As Minister of Energy, Biwott was behind the signing of oil exploration agreements with various international companies, including American Oil Company Amoco, to search for oil in Turkana and in the Indian Ocean.

Biwott was also behind the Turkwel Gorge Power project, which opposition politicians for a long time denounced as a white elephant. It was not until Jaramogi, during his 1993 co-operation phase with KANU, visited the project and described it as “… one of the wonders of the world” that the white elephant tag was laid to rest.

During his stint in the Trade and Commerce docket, Biwott revolutionised licensing laws in such a way that they favoured local and international business regimes. For instance, import and export licences were restricted to a fixed time period rather than being open-ended as had been the case previously. And while Biwott headed the Ministry of East African and Regional Co-operation, the East Africa Treaty was successfully negotiated to establish the second East African Community (EAC) after the collapse of the first in 1977. He was, however, criticised for having influenced the nomination of one of his wives, Margaret Kamar (who would later become the Senator for Uasin Gishu County), to the first EAC Parliament.

In the 1980s, when total loyalty to the ruling party was symbolically measured by thermometer, Biwott was the gauge of who was or was not loyal to Moi. It is believed that even the vice presidents who served under Moi feared Biwott, except for one: Kibaki.

The party introduced a badge bearing Moi’s insignia; every politician and anyone looking to do business with the government displayed it on his lapel. Word would then reach Biwott and other KANU ‘cockerels’ announcing who was ‘KANU damu’ (KANU by blood) and the person would be appointed either to the Cabinet or approved to do business with the government. Kibaki simply refused to wear that particular badge and instead chose to wear one bearing the image of the KANU cockerel, the official party symbol.

Having thus ‘failed’ the loyalty test, Kibaki was, as a result, allegedly demoted from the post of VP after the discredited 1988 mlolongo (queue-voting) General Election to the position of Minister for Health.

In Parliament, ministers seeking a favour from the President would position themselves in the lobby, eyes fixed on the swing doors of the Chamber. Biwott would emerge and stride along the walkway through the Churchill Arch (an architectural feature of Commonwealth Parliaments), head for the kitchen table for a cup of tea then settle at a table where one after another his Cabinet colleagues would approach and whisper their message. Each would leave Biwott’s side wearing a big smile, perhaps congratulating himself for bringing his issue closer to the President’s ear.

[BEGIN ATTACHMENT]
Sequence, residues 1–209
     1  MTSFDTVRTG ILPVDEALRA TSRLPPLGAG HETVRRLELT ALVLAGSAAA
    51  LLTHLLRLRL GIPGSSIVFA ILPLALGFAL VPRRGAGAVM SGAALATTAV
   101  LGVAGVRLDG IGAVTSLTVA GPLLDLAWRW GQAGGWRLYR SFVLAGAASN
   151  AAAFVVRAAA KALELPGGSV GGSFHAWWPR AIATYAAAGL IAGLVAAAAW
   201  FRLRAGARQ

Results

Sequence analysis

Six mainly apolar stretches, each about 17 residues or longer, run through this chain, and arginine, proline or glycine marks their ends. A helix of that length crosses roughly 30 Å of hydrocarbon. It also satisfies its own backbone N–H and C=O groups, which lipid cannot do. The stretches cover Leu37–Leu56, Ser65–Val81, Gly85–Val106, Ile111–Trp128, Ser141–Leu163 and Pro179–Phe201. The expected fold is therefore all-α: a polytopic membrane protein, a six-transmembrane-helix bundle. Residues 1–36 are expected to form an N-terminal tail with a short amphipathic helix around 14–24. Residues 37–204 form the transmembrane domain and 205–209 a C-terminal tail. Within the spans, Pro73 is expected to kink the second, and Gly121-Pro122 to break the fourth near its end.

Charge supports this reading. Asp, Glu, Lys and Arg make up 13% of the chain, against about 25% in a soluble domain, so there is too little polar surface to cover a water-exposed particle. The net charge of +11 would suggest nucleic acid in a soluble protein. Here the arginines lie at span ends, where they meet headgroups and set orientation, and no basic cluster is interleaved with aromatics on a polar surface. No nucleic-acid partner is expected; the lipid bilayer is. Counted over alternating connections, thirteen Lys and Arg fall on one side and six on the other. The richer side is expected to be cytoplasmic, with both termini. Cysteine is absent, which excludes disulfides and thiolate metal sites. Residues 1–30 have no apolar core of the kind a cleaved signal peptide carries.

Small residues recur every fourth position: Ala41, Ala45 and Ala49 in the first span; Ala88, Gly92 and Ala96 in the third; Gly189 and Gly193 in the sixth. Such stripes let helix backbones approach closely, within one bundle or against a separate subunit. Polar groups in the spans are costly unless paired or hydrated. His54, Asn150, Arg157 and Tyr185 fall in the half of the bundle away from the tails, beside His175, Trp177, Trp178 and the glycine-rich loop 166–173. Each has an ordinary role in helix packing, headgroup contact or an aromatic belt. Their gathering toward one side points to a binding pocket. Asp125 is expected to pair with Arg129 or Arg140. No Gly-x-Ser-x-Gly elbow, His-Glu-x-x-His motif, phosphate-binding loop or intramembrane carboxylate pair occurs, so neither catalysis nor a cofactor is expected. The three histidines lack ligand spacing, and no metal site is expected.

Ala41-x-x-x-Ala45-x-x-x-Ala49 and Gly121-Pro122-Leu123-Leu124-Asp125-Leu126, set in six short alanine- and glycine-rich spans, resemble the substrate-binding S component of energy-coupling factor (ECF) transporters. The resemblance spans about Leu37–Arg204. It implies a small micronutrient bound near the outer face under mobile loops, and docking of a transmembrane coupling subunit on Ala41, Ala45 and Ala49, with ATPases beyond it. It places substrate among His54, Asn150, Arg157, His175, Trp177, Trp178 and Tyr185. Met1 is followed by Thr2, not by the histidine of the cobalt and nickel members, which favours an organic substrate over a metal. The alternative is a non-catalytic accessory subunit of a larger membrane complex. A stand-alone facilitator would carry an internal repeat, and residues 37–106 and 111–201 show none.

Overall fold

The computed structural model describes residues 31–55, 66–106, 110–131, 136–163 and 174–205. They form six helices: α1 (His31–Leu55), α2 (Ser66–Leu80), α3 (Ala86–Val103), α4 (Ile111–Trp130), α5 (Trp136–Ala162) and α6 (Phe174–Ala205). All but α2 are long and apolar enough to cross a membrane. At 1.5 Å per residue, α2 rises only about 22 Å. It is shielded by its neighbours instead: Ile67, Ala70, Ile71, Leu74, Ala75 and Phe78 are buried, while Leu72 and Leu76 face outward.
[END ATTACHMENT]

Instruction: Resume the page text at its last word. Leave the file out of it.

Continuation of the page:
Essentially, politicians and members of the business community regarded Biwott as the de facto deputy to the presidency or better still, the Swiss-style Big Man in a collegial presidency – which did not exist in the Constitution of that era. Politician James Orengo summed up the situation in Parliament by saying, “President Moi is a prisoner of people like Biwott.”

The same Orengo nicknamed Biwott the ‘Bull of Auckland’ when information filtered through that the Cabinet minister had been thrown out of a VIP hotel in New Zealand during a presidential visit after allegedly making indecent advances towards a female worker. In his own defence in Parliament, Biwott reportedly remarked dismissively, “I am a real man, a total man!”

Biwott was married to women from across the world; one hailed from Israel, another from Australia and a third from Kenya. His funeral in 2017 showcased the diversity of a powerful man whose family tentacles spread across the globe. One politician remarked that a family photograph should be taken on that occasion to show that Biwott was not a Kenyan but a global figure with roots all over the world.

As technology advanced and mobile phones arrived in Kenya, Biwott refused to embrace it and never carried one. He knew too much about technology to trust it wholly. His philosophy was that one should never answer a telephone call because that was a sure way of facilitating tapping. He invariably instructed his personal assistant or secretary to answer all phone calls and report who the caller was and what they wanted – and for good reason. All fixed telephone lines, including mobiles, incorporate technological devices to trace one’s location. That is how Adolf Hitler and Saddam Hussein were captured by American forces using the old and new technology, respectively.

Biwott did not want to be traced – hence his cloak-and-dagger methods of changing taxis to move from one point to another. When it came to communication, he would let his men do the talking.

Even international banks with headquarters overseas were reputed to dance to his tune. He would reportedly order them to fly money in any currency to any destination in Kenya. Sums of KES 5 million would be flown from Nairobi to Mombasa, Narok, Eldoret or Kisumu, in 50-shilling denominations. A man or woman would be waiting to receive the ‘cargo’ for distribution to waiting supporters. Biwott never carried any money on his person.

Reputed to be a billionaire, his wealth ranged from expansive tracts of land locally, real estate including Nairobi’s iconic shopping mall, Yaya Centre, shares in Kenol/Kobil and unit trusts. He was also said to own ranches in Australia, where he attained part of his education. His power accorded him both wealth and influence locally and abroad. For instance, government ministers in some of the countries he visited would make greater efforts to schedule meetings with Biwott than with Kenya’s Foreign Affairs minister.

Born in 1940 in Chebyor, Keiyo District, Biwott attended Tambach Intermediate School between 1951 and 1954 before joining the colonial government as a District Officer. He travelled to Australia to pursue a Master’s degree in Economics in 1969 before returning to join the newly independent government of Kenya.

He died in July 2017 with his reputation as a mysterious Moi-era power broker firmly intact.